In the "ExpertAdvice" section of the August 11 issue of DM News, Rick Linde wrote a thought provoking article about why CMO turnover has increased dramatically over the years.
In truth, turnover at all executive levels is on the increase. But that increase has grown faster for CMOs. Some research indicates a tenure rate that has dropped from 24 months just a few years ago to its present level of only 18 months.
"There are two reasons for this [turnover]. First, the position is often ill-defined and the expectations unreasonable. [Secondly], the CEO has hired a CMO to facilitate change, and yet the CMOs have very little authority. They are expected to change things, but only as a corporate staff person. In this way, The CMO is a sort of advisor."
Linde proposes a solution. The CEO must aggressively back up the decisions, direction and changes proposed by his CMO. As we all know, real change must come from the top.
The second is to provide reasonable measurement for reaching achievable objectives accompanied by both the authority and the resources to make things happen.
But the most important point Mr. Linde makes is this.
"... if you say you want change in the way you do marketing but don't want to break any eggs, it's not going to happen."
Several years ago, I interviewed for a CMO position at one of the largest hospitals in the US. The answer the CEO gave to this question convinced me that no quality CMO could succeed in his organization.
My question was: "What would you do if I created an action plan that changed the direction of your marketing as needed to achieve the objectives you just outlined to me. You approved it, but some my peers and a few other senior executives feared that the required changes threatened their positions in some way. And no matter how persuasive I was, getting broad consensus on the required changes could never happen without forcing the needed decision. What would you do?"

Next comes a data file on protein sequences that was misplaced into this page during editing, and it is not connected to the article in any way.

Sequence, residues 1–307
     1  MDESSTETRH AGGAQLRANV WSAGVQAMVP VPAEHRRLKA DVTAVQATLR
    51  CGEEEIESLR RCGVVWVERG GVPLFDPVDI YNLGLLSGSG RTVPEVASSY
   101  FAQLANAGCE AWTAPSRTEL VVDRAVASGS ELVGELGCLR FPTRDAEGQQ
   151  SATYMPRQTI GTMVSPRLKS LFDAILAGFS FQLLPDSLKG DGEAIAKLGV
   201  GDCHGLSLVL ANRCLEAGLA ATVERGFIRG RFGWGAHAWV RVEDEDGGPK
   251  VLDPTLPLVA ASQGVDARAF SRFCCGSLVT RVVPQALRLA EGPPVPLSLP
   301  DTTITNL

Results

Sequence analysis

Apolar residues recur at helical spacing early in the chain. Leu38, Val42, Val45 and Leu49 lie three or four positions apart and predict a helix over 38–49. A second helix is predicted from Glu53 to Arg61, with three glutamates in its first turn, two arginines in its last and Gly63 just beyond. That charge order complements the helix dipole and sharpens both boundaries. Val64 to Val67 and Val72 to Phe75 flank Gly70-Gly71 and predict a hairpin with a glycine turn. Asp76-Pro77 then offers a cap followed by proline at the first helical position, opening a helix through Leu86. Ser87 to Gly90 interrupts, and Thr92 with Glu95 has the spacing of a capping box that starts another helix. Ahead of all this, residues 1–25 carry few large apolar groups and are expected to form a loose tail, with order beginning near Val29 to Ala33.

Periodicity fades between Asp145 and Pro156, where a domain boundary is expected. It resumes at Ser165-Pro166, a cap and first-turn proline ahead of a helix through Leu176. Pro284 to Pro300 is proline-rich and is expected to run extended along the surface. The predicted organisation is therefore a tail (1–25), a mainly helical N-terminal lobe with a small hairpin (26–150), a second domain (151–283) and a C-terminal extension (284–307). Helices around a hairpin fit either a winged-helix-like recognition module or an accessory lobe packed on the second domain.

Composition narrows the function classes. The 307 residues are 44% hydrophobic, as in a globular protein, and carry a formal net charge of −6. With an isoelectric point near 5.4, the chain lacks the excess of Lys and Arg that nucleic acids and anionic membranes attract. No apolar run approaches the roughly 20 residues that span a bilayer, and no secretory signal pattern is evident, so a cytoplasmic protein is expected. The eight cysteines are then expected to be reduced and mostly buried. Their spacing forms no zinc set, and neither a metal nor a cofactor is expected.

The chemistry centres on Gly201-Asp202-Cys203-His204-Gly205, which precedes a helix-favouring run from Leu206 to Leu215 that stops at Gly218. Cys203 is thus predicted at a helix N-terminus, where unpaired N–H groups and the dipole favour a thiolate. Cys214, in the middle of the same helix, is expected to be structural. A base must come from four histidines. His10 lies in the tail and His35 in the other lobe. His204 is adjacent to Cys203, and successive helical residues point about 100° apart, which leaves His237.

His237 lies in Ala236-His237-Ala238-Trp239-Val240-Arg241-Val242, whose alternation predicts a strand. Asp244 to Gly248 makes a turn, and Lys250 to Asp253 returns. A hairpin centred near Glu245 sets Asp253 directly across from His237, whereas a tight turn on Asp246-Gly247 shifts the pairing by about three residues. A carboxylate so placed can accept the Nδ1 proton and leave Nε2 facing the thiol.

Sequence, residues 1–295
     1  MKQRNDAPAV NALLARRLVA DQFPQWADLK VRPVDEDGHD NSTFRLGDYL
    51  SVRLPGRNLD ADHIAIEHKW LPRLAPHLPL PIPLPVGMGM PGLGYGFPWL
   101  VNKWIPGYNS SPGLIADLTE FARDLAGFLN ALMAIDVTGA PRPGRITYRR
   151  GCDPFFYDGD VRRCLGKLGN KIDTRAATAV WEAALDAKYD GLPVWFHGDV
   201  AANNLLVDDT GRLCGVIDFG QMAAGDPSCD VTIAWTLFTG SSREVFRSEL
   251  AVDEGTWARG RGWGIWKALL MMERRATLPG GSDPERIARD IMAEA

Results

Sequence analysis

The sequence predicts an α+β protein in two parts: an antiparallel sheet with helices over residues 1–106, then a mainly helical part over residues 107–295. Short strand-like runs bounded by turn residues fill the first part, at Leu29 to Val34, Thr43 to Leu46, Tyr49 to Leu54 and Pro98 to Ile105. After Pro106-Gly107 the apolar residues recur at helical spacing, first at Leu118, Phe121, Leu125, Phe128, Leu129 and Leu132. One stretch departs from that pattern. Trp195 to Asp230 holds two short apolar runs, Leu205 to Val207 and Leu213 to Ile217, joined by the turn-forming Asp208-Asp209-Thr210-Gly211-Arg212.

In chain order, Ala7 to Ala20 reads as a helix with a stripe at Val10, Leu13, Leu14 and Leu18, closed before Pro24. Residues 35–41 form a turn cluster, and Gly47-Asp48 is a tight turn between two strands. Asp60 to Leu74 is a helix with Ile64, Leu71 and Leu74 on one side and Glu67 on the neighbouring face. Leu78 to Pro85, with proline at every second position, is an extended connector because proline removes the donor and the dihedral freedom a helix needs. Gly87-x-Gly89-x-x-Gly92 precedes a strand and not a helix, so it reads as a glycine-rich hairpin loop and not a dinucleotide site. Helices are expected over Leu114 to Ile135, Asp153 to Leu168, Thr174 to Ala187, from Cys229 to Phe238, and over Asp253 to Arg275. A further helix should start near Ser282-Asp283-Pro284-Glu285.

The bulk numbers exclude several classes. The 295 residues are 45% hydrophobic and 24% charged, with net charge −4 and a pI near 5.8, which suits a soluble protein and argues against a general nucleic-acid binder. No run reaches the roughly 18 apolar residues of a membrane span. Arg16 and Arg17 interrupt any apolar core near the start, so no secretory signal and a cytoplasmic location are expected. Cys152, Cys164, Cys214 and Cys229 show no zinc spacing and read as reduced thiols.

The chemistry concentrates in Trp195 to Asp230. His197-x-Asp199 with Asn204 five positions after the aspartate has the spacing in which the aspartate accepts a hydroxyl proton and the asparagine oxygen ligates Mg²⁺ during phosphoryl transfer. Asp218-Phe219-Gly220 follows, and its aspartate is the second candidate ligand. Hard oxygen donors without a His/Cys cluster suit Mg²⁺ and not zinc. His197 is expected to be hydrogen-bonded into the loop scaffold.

His answer was this. "It is wholly your role and responsibility to get consensus and support for the ideas you bring to the table. It is 100% your responsibility to persuade and move the organization for the needed marketing changes."
It was clear that this CEO required 100% consensus on key decisions and would not use his authority to clear the way for significant change. I had much of the CEOs responsibility, but no real authority. And confrontation of any kind would be viewed as destructive regardless of the clear need for organizational change to make the hospital's marketing efforts more productive.
If the CEO is unwilling to put his own reputation and neck on the line to back me up, then why should I be willing to do it for him and his organization?
Quality CMOs want to grow things. They do not make good maintenance people. Nor should they be expected to perform miracles. Marketing requires the entire organization behind it to work. And for the CMO, it all starts and ends with the CEO's personal commitment to the marketing task.
Can you relay a personal experience or one you know about that might shed more light on CMO tenure and how to improve it?